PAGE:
How Smoking Affects Your Gums and Teeth

Smoking is a big stressor that increases the chances of periodontal disease sevenfold. It also reduces the chances of successful gum therapies. In fact, smoking can cause receding gums and bone loss even when plaque-forming bacteria have not yet led to periodontal disease.

It may be that the body’s immune system is so occupied trying to keep tissues functioning despite the toxicity of the cigarettes that there aren’t enough resources left to keep the gums, connective tissue and jaw bone safe from bacterial infection. Smoking itself seems to promote inflammation of the gums. There’s a type of bacteria in the mouth called P. gingivalis (Porphyromonas gingivalis) that’s most commonly associated with gum disease. When nicotine combines with these bacteria, there’s an increase in the production of cellular cytokines, which signal immune cells that there’s a need to come to the site to fight off infection. The immune cells devour and kill targeted cells, which we experience as inflammation.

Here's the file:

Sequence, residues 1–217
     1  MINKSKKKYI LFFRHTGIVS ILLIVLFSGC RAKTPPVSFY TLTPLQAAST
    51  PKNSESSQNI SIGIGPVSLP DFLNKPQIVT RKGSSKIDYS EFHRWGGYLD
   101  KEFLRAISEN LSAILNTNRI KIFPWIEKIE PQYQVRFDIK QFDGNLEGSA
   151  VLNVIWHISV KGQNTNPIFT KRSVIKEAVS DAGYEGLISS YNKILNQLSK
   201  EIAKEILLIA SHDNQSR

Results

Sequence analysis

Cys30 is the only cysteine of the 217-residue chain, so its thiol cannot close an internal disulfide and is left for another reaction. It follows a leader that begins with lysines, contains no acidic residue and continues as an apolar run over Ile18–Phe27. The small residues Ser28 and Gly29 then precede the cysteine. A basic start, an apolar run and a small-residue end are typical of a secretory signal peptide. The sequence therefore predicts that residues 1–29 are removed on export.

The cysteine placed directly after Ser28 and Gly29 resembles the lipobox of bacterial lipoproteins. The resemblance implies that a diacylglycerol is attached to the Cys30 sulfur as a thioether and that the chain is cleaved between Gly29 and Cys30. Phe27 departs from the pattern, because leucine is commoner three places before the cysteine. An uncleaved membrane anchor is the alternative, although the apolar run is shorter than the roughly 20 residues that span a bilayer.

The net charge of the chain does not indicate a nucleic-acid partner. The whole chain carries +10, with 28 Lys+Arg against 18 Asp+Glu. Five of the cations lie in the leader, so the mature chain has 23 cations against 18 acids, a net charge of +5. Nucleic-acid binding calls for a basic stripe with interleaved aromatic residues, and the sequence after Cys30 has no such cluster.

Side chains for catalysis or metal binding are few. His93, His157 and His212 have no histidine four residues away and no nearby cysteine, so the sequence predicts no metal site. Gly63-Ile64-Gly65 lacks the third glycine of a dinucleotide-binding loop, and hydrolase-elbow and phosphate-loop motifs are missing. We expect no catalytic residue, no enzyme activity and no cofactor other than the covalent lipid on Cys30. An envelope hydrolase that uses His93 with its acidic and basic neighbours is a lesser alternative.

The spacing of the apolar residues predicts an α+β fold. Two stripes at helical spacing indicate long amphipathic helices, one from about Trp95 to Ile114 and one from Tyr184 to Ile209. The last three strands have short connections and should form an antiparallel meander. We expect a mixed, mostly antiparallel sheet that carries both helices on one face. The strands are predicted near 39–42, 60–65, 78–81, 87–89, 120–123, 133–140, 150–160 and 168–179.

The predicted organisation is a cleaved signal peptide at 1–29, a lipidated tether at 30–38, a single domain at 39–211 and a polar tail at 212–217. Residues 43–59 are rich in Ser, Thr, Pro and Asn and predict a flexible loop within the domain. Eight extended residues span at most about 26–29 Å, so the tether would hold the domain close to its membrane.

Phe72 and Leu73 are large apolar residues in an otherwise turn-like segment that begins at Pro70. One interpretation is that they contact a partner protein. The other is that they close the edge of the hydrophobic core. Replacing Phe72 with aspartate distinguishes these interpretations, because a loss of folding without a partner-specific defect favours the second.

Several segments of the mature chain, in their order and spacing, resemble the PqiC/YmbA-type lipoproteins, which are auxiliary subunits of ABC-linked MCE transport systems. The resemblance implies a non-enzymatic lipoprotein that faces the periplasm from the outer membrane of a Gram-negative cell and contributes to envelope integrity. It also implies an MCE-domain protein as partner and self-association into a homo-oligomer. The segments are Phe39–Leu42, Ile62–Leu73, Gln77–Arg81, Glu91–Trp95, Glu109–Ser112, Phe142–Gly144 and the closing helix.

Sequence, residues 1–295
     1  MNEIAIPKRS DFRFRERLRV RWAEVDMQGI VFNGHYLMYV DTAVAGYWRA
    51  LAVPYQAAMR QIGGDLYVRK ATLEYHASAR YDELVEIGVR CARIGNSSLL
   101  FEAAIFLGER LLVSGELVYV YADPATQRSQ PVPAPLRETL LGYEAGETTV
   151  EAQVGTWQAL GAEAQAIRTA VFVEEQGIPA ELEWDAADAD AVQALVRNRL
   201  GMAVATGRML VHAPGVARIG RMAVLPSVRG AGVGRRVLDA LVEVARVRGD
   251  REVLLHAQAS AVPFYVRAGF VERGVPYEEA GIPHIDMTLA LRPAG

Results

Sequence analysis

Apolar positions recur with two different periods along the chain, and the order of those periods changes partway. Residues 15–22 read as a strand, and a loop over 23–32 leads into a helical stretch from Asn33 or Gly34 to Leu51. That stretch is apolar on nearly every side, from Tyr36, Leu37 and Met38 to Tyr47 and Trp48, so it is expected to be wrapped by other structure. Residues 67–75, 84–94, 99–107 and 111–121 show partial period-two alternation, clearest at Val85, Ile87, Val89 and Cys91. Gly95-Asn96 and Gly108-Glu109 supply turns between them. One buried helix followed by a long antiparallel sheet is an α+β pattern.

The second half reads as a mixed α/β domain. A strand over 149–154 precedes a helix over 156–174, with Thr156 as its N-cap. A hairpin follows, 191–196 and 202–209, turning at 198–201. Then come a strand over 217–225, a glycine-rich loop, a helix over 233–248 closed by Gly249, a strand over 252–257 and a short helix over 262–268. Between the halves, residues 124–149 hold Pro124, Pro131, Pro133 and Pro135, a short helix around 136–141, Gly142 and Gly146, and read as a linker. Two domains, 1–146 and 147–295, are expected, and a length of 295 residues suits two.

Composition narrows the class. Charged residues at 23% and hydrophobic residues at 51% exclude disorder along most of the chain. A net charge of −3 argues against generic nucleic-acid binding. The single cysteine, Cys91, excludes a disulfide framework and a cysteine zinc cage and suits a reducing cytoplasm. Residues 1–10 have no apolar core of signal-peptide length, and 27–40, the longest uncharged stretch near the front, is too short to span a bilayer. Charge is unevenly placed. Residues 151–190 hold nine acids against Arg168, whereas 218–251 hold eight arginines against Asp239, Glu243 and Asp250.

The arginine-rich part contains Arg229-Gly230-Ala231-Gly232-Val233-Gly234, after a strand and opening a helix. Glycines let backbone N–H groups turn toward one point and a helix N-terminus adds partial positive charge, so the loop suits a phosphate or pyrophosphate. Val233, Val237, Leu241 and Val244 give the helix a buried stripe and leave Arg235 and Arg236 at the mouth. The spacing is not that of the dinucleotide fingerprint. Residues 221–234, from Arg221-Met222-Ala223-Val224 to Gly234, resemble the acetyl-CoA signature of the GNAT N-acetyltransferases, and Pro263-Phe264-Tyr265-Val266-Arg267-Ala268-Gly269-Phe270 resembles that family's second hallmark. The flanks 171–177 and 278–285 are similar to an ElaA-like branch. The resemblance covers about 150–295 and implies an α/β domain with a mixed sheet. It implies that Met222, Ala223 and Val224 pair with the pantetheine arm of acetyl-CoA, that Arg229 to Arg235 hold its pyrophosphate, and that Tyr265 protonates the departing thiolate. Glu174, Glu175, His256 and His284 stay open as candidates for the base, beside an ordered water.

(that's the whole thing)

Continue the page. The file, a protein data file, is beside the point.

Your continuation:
And while the gums are under chemical assault, smokers produce fewer antibodies against some of the harmful bacteria, so the bacteria can more easily multiply and make inroads against the weakened gums. There are studies showing that smokers are eleven times more likely to be host to significant populations of bacteria that cause periodontal disease, four times more likely to have advanced periodontal disease and have a 40% chance of losing their teeth during their lifetime.

Even living in secondhand smoke has a bad effect on teeth and gums. A Japanese study of over 1,000 pregnant women showed that those who were smokers (even light smokers) or who were non-smokers living with smokers had a higher rate of tooth loss, and over one fourth of the women of child-bearing age had lost one or more teeth.

Of course, smoking also stains the teeth and tongue and causes bad breath. It also increases the chances of oral cancer six fold. What connection there is, if any, between these conditions and gum disease has yet to be established.

We absolutely recommend quitting smoking, and not relying just on the beneficial effects of oral care. But we also recognize that quitting smoking is often a process that takes multiple attempts before there are no longer any relapses. Until the effects of the last cigarette have faded, we think it’s critically important to diligently use effective practices for oral care.